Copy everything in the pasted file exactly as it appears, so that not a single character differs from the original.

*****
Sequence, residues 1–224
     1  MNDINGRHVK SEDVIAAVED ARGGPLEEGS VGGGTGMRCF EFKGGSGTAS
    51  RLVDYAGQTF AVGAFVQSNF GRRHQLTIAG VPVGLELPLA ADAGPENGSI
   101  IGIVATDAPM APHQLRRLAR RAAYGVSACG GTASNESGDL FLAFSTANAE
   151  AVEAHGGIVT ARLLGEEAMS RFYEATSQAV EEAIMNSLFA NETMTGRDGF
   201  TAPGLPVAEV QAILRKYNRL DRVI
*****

Sequence, residues 1–224
     1  MNDINGRHVK SEDVIAAVED ARGGPLEEGS VGGGTGMRCF EFKGGSGTAS
    51  RLVDYAGQTF AVGAFVQSNF GRRHQLTIAG VPVGLELPLA ADAGPENGSI
   101  IGIVATDAPM APHQLRRLAR RAAYGVSACG GTASNESGDL FLAFSTANAE
   151  AVEAHGGIVT ARLLGEEAMS RFYEATSQAV EEAIMNSLFA NETMTGRDGF
   201  TAPGLPVAEV QAILRKYNRL DRVI